Author Topic: [Scope is working!]LCD display flaw - TDS210  (Read 2230 times)

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Offline neil

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[Scope is working!]LCD display flaw - TDS210
« on: April 12, 2019, 08:59:27 pm »
It's that same board-corroded TDS210, and it's still here. And mostly dead.

But in the words of Miracle Max: "There's a big difference between mostly dead and all dead. Mostly dead is slightly alive."

I've arrived at a point where it boots (and, of course, fails acquisition) and can cycle through all the menu's, and the front panel passes the onboard testing. I had to hard-wire the contrast to make it visible, since it doesn't respond to the contrast menu (or the service menu version either). The probe comp. signal is present, but no traces are visible.

But this question has to do with the display. It seems that every fourth vertical row is not painted. It's especially obvious if you look at the menu item values. Since the screen is black-on-white, the pixels in question are lit, when they should be dark, so I guess that means they're not dead pixels? The same problem is plainly visible during the screen test, and shows that the problem affects every fourth column, full height of screen.

So, is this flaw likely to originate from the ASIC (which undoubtedly has some troubles anyway), or does the every-fourth-column sound more like something that would come from the screen assembly, or perhaps the actual cabling/attachment to the LCD? 

It feels like the pattern of the failure should be enough to answer that, but I'm just not that familiar with LCD systems.
« Last Edit: April 21, 2019, 05:26:55 pm by neil »
 

Offline james_s

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Re: LCD display flaw - TDS210
« Reply #1 on: April 12, 2019, 10:20:32 pm »
I'm thinking that looks like a problem with the video RAM, or the logic driving it. I have no idea how the Tektronix hardware works but typical video hardware will have a RAM or ROM dumping 8 bits at a time into a parallel to serial shift register which then clocks each pixel out to the display. If one of these bits is stuck then you will get vertical lines through the display. It may be that this hardware clocks out chunks of 4 bits at a time and one of those lines is stuck. Can you find the pinout for the LCD? If you can work out what lines carry the pixel data you should be able to use another scope or logic analyzer to verify the gap in the pixels being clocked to the display.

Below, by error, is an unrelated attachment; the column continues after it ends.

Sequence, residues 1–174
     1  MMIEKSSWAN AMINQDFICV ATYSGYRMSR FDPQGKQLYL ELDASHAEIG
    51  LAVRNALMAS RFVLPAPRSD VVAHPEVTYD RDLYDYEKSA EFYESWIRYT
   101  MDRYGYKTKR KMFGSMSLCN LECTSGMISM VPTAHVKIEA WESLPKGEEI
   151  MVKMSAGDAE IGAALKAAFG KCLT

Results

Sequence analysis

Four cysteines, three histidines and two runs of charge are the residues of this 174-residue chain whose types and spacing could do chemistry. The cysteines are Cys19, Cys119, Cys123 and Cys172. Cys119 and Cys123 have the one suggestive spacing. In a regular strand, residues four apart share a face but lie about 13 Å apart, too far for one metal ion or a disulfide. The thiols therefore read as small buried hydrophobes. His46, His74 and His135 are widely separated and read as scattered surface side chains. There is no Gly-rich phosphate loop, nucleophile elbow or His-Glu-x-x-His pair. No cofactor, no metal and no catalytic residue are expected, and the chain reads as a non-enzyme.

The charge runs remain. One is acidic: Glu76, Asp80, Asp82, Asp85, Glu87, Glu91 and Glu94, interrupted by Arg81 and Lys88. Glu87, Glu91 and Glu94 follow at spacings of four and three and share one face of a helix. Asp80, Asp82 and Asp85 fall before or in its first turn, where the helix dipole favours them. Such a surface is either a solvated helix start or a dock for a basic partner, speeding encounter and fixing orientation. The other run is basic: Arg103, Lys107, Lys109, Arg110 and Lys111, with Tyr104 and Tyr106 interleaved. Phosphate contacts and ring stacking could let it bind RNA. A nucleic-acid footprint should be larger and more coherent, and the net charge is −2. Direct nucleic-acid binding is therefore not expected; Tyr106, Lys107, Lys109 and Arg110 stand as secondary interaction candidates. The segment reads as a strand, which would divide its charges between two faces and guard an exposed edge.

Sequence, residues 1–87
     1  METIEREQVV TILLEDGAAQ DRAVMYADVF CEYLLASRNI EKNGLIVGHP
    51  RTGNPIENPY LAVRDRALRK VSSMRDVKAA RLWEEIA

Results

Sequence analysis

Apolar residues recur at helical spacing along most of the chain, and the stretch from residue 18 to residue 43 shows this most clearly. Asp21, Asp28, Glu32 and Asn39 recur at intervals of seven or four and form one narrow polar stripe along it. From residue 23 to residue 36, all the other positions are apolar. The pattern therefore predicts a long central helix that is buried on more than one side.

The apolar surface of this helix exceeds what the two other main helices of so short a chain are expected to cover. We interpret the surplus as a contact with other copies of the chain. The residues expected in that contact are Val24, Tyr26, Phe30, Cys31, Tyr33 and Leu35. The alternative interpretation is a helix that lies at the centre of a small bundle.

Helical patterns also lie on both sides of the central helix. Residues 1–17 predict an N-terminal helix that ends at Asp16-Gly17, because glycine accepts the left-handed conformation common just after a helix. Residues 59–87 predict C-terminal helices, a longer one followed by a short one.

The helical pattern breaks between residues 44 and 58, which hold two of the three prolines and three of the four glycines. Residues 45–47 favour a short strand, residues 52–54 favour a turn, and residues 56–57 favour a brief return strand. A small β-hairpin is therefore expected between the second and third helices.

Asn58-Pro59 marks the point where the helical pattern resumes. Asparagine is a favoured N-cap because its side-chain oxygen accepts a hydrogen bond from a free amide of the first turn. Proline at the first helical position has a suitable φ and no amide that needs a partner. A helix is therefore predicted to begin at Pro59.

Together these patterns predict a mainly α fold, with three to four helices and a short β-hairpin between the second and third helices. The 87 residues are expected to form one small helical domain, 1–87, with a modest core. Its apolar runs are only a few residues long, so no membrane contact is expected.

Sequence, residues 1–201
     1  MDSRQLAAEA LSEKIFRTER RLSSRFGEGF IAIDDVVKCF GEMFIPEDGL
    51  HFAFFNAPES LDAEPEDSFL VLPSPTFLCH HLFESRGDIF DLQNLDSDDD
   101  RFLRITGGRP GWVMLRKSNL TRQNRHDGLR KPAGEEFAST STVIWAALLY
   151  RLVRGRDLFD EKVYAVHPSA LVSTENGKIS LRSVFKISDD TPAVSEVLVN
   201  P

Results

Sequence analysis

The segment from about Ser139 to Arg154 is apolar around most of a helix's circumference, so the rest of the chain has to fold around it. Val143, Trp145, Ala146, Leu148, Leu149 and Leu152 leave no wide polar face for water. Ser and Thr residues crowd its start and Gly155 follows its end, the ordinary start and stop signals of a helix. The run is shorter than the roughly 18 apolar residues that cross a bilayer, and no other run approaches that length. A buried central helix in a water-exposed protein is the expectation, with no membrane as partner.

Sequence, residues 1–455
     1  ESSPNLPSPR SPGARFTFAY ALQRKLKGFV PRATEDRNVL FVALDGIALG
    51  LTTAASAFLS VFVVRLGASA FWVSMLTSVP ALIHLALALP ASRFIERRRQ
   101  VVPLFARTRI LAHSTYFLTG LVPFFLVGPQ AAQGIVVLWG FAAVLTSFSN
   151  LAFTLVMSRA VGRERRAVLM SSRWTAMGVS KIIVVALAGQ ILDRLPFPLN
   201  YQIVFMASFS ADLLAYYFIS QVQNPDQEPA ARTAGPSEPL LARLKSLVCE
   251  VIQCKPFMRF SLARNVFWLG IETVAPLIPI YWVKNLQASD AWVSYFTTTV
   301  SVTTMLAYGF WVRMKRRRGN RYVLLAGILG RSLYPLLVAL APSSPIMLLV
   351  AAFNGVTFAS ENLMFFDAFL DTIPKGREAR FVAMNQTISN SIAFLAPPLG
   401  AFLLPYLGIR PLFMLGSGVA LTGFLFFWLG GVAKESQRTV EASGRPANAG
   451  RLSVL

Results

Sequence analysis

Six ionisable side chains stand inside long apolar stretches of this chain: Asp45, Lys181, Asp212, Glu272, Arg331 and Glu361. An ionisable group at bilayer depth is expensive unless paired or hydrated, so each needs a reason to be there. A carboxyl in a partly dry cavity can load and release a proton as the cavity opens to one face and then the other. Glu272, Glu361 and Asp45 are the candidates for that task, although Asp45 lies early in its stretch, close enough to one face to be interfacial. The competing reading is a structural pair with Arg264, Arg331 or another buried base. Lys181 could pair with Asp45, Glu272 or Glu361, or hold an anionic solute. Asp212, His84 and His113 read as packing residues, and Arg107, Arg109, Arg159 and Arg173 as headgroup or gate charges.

Offline neil

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Re: LCD display flaw - TDS210
« Reply #2 on: April 13, 2019, 05:34:12 pm »
james_s: Thanks for your reply. I found this documentation for the contents of the flex cable to the display, and in fact there are four data lines from the ASIC, so I'll look to see if one of those is dead.

BTW the first line (contrast) was running about -20 v and the screen was solidly white; it looks like it's meant to be regulated by a transistor shunting to ground, driven by a line from the ASIC. Apparently that's a dead output from the ASIC, and I've had to add a resistor voltage divider to bring the line down to -17v which gives a decent screen display.
 

Offline james_s

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Re: LCD display flaw - TDS210
« Reply #3 on: April 13, 2019, 06:53:15 pm »
Ah that's definitely promising then, here's hoping it's a connection rather than a dead line from the ASIC, otherwise it's pretty much game over until you find another scope, but then you might find a cosmetically trashed one that has a good board in it, or at least a good ASIC. Not that a TDS210 is worth heroic efforts to repair but I do hate to let a fault get the best of me. What happened to yours to get it in this state?
 

Offline neil

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Re: LCD display flaw - TDS210
« Reply #4 on: April 13, 2019, 10:44:49 pm »
This was a relatively low-cost eBay "parts or repair" deal. I've never had much hope for this scope since I opened the case and saw the extent of the corrosion - I didn't expect that it would ever be usable, but I decided to learn as much as I could from it, and it is serving well in that regard.  Input from you and others here has helped a great deal, as have other internet resources.

 

Offline james_s

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Re: LCD display flaw - TDS210
« Reply #5 on: April 14, 2019, 12:00:33 am »
Yuck! That's a mess! I wonder what the hell happened to that thing? Is that before cleaning? It's possible that you have some rotted out vias or damaged traces somewhere, the ASIC may be ok, it's hard to say.
 

Offline neil

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Re: LCD display flaw - TDS210
« Reply #6 on: April 14, 2019, 02:15:32 am »
Oh, there are definitely some rotted-out vias and traces - I've bodged around them in several places to get the machine to this stage. I think the acquisition ASIC is probably toast since the VR that should be creating a -2.6v rail for that shows +0.6v on its emitter! That must be back-fed from downstream, since there is -4.6 v going into the VR! I haven't looked into that yet...